Hard-disk drive vendors point to the higher price of solid-state drives as a reason to keep on buying hard drives, but as Bob Dylan sang, "The Times They Are a -Changin'." The advent of 3D NAND has become a game-changer for the storage industry by increasing SSD capacity and dropping SSD prices.
By packing 32 or 64 times the capacity per die, 3D NAND will allow SSDs to increase capacity well beyond hard drive sizes. SanDisk, for example, plans 8 TB drives this year, and 16 TB drives in 2016. At the same time, vendors across the flash industry are able to back off two process node levels and obtain excellent die yields.
The result of the density increase is clear: This year, SSDs will nearly catch up to HDD in capacity. Meanwhile, hard drives appear to be stuck at 10 TB capacity, and the technology to move beyond that size is going to be expensive once it's perfected. HDD capacity curves already were flattening, and the next steps are likely to take some time.
This all means that SSDs will surpass HDDs in capacity in 2016. There’s even serious talk of 30 TB solid-state drives in 2018.
So what about SSD price points? In 2014, prices for high-end consumer SSDs dropped below enterprise-class HDD, and continued to drop in 2015. A terabyte SSD can be had for around $300. Moreover, this is before 3D NAND begins to further cut prices. By the end of 2016, it’s a safe bet that price parity will be close, if not already achieved, between consumer SSDs and the bulk SATA drives.
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This will put pressure on hard-disk drive makers to lower prices, but, frankly, they’ve used up most of the tricks to reduce cost and are already at single-digit margins for bulk SATA drives, so they don’t have much wriggle room.
With parity achieved in capacity and price, one has to ask whether HDDs will still be needed. SSDs are blindingly fast in comparison. Typically, large consumer SSDs are 5x the streaming performance and 5000x the random read/write rate. With low operating power and very low standby power, SSDs are ideal for large archives, too.
Additionally, wear-out isn’t an issue with SSDs. Those two node uplifts in the manufacturing process add literally years to the device life, and the economics of 3D NAND allow for extra over-provisioning, making the write life of the drive well beyond its time in a data center. This is especially true for archived storage, where writing is at a much lower rate.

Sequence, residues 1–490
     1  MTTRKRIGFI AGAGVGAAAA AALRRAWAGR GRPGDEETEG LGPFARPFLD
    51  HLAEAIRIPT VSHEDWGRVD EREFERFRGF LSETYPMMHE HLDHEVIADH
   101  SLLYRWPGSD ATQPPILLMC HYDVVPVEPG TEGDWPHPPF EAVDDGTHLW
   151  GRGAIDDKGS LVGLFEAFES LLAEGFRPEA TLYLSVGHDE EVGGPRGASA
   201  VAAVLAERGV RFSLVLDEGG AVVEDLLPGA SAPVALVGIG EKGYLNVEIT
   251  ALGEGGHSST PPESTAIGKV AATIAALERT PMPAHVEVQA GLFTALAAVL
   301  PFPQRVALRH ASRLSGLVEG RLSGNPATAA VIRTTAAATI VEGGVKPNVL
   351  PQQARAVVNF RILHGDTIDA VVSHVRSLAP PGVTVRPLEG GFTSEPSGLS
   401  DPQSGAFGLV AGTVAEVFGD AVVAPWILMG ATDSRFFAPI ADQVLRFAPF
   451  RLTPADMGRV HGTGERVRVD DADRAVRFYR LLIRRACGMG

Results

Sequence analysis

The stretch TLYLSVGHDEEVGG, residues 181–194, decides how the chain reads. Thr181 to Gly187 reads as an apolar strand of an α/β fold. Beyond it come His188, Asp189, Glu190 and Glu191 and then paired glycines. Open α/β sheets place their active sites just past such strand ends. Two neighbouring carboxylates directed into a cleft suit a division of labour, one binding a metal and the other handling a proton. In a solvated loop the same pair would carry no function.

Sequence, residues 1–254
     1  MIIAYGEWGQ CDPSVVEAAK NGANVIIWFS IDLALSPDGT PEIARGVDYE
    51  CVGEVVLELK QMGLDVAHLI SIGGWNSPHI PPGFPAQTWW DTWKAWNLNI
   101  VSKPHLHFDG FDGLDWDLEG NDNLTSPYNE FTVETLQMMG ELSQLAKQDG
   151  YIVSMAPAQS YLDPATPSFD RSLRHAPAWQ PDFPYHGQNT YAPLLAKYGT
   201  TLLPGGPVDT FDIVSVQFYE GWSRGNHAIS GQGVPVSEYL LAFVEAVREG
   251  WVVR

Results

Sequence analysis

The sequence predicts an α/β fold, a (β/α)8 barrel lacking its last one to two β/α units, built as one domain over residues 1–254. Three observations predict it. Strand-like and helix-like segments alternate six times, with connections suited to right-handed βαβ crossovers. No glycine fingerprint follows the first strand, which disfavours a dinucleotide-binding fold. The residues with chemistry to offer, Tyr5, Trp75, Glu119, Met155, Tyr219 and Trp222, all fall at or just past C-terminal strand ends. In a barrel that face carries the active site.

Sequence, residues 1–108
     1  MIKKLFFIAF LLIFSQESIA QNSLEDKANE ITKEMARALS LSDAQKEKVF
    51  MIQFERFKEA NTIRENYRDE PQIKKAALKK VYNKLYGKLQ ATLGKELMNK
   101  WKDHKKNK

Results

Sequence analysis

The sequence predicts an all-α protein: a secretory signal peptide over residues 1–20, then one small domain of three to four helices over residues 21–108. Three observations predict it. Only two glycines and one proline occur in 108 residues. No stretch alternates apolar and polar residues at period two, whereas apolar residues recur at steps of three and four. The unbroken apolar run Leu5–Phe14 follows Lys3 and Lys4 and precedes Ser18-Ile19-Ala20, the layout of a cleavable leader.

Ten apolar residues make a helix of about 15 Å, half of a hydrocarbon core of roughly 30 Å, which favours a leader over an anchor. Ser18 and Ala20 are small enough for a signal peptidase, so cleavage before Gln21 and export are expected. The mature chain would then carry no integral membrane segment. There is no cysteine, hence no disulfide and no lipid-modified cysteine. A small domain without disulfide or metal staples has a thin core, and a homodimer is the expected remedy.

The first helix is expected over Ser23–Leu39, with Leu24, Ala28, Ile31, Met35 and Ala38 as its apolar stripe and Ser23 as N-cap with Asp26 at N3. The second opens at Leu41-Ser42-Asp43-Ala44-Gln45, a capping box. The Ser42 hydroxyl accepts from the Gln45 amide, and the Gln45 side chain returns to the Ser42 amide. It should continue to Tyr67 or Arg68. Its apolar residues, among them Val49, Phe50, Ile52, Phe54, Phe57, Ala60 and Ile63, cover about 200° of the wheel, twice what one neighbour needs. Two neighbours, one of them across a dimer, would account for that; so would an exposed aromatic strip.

There clearly is an inflexion point in the use of hard drives coming. Once parity is achieved, the transition to SSDs will become a tsunami. This transition is already well along for so-called enterprise drives. With price and capacity already matched or exceeded by SSDs, 7200 RPM and faster HDDs will quickly fall out of favor.
As in any transition, there will be points of resistance. After-market HDD spares will continue to be sold, though upgrades and replacements will increasingly use SSDs, especially in servers. The volume reductions in HDDs will probably lead to some major fire sales, though. These will all delay the day the last HDD ships, but do not expect a tape-like extended demise, with 30 years of predictions of the end of tape countered by ongoing increases in tape capacity. SSDs and HDDs basically do the same thing and there’s no reason to have both.
Speaking of tape, the SSD archive appliance likely will cause the demise of that hallowed medium. Today’s interest is more for rapid access to data, as demonstrated by Google’s Nearline cloud storage and Amazon Glacier. An SSD basis provides the desired low power with instant-on performance. Tape-based Glacier takes two hours to recover the first blocks of data.
Likewise, DVD-type archive storage will need a magic trick or two to remain in the race. A terabyte of DVDs will cost more than a terabyte SSD and that isn’t including the DVD library unit.
If you were told that a BMW and a golf-cart were the same price, which would you buy? That’s going to be the dilemma facing buyers sometime in 2016, with SSD and HDD. I think I know your answer!
PS: We may have a similar discussion in 2021, when ReRAM, PCM or some other solid-state solution, mounts a challenge to flash memory.